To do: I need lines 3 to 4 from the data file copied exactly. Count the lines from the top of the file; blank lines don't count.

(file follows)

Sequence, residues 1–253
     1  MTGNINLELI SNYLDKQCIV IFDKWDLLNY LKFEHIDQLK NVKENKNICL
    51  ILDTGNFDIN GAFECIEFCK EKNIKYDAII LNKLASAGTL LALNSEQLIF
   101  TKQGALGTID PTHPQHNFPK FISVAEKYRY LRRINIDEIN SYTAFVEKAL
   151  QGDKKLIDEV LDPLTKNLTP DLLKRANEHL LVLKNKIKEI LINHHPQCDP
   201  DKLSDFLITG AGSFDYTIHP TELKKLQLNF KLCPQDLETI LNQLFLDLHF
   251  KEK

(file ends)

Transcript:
    51  ILDTGNFDIN GAFECIEFCK EKNIKYDAII LNKLASAGTL LALNSEQLIF
   101  TKQGALGTID PTHPQHNFPK FISVAEKYRY LRRINIDEIN SYTAFVEKAL